A multi-institutional team of researchers has developed a new nanoscale agent for imaging the gastrointestinal (GI) tract. This safe, noninvasive method for assessing the function and properties of the GI tract in real time could lead to better diagnosis and treatment of gut diseases.
National Institutes of Health, US Department of Defense, Korean Ministry of Science

Contact: Weibo Cai
wcai@uwhealth.org
608-262-1749
University of Wisconsin-Madison

Public Release: 24-Jul-2014
Proceedings of the National Academy of Sciences
New approach to form non-equilibrium structures
Northwestern University researchers get closer to understanding the fundamentals of non-equilibrium, self-assembled structures, unlocking potential in a variety of fields.
US Department of Energy

Contact: Megan Fellman
fellman@northwestern.edu
847-491-3115
Northwestern University

Public Release: 24-Jul-2014
2014 AAPT Summer Meeting
Creating sustainable STEM teacher preparation programs
A new study finds that faculty members who choose to champion physics teacher education, in combination with institutional motivation and commitment, ensure that STEM teacher education programs remain viable after initial funding ends.

Contact: James Riordon
riordon@aps.org
301-919-2173
American Physical Society

Public Release: 24-Jul-2014
PLOS ONE
Immune response may cause harm in brain injuries, disorders
Could the body's own immune system play a role in memory impairment and cognitive dysfunction associated with conditions like chronic epilepsy, Alzheimer's dementia and concussions? Cleveland Clinic researchers believe so, based on a study published online by PLOS ONE.
National Institutes of Health, American Heart Association, Brain Behavior Research Foundation

Contact: Tracy Wheeler
wheelet2@ccf.org
216-444-4235
Cleveland Clinic

Public Release: 24-Jul-2014
Journal of the Air and Water Association
Study gives new perspective on agricultural plastic, debris burning, and air quality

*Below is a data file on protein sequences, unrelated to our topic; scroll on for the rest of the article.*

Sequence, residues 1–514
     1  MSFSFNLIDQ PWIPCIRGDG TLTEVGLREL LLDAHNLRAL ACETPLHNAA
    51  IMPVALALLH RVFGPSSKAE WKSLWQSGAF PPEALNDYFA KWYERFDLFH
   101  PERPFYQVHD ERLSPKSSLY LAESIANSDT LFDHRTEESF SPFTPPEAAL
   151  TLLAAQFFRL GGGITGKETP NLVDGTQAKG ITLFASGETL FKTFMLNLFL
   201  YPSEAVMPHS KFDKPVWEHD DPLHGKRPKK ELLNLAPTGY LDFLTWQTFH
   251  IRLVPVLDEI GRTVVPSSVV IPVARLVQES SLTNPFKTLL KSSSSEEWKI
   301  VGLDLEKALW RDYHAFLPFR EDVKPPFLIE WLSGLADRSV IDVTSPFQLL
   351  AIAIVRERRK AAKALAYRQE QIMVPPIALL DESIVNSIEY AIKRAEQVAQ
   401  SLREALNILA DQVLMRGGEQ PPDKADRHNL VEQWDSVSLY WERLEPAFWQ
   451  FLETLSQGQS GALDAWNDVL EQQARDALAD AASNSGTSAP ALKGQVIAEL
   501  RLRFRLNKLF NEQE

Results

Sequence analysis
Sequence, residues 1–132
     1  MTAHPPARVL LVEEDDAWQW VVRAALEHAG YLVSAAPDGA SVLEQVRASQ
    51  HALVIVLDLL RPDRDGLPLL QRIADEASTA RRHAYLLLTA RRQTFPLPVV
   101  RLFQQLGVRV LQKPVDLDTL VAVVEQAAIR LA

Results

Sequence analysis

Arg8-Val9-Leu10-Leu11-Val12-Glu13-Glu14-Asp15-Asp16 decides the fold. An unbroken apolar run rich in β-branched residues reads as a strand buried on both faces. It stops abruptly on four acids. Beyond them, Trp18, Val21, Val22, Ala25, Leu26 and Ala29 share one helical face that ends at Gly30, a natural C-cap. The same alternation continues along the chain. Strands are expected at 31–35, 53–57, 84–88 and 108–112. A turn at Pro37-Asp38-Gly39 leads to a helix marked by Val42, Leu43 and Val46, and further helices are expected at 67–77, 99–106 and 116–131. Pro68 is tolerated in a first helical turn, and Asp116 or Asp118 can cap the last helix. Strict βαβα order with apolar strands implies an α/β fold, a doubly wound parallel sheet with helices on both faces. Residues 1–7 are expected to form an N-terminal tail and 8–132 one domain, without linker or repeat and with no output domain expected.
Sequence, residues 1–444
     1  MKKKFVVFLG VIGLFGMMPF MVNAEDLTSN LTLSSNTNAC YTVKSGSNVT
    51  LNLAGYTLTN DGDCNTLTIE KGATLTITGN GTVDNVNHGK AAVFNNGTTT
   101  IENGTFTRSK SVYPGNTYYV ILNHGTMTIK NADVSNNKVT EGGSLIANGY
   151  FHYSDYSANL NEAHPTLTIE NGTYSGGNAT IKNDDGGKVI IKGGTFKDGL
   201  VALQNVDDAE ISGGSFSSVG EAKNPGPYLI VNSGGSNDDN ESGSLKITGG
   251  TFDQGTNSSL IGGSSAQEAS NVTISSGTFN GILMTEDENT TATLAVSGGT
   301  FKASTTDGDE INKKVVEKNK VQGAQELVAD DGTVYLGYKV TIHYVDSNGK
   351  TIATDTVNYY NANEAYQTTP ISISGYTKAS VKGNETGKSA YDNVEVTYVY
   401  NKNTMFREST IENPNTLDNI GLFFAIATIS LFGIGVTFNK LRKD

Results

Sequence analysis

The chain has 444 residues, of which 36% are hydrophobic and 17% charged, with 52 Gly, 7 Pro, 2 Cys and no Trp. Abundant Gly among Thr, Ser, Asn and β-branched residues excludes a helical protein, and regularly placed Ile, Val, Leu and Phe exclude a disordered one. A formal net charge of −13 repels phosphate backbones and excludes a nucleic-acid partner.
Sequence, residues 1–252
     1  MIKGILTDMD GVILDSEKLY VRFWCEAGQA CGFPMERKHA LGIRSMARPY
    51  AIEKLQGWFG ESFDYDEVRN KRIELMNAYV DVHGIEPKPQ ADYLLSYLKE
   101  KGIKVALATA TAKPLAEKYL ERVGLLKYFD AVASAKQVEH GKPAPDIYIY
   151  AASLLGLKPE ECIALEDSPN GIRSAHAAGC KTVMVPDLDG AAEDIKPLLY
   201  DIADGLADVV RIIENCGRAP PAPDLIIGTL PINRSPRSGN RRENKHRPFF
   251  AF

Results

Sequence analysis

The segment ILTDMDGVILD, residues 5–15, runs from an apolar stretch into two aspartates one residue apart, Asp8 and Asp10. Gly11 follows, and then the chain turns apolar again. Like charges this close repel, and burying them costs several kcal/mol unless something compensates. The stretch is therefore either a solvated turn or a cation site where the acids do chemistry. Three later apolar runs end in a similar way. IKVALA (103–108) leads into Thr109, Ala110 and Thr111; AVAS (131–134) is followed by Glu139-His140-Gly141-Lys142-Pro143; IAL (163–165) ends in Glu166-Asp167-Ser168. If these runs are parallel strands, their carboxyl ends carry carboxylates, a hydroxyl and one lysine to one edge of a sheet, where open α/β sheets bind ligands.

A recent study published in the Journal of the Air and Water Association shows that inclusion of agricultural plastic in debris piles has no effect on smoke emissions.

Contact: Walita Kay Williams
walitakwilliams@fs.fed.us
510-559-6367
USDA Forest Service - Pacific Southwest Research Station

Public Release: 24-Jul-2014
Fukushima accident underscores need for US to seek out new information about nuclear plant hazards
A new congressionally mandated report from the National Academy of Sciences concludes that the overarching lesson learned from the 2011 Fukushima Daiichi nuclear accident is that nuclear plant licensees and their regulators must actively seek out and act on new information about hazards with the potential to affect the safety of nuclear plants.
Nuclear Regulatory Commission

Contact: Jennifer Walsh
news@nas.edu
202-334-2138
National Academy of Sciences

Public Release: 24-Jul-2014
Nature Communications
University of Delaware researcher describes new approach for creating organic zeolites
In a landmark paper published in the international scientific journal Nature Communications, University of Delaware researcher Yushan Yan describes a new approach to creating organic zeolites.

Contact: Donna O'Brien
dobrien@udel.edu
University of Delaware

Public Release: 24-Jul-2014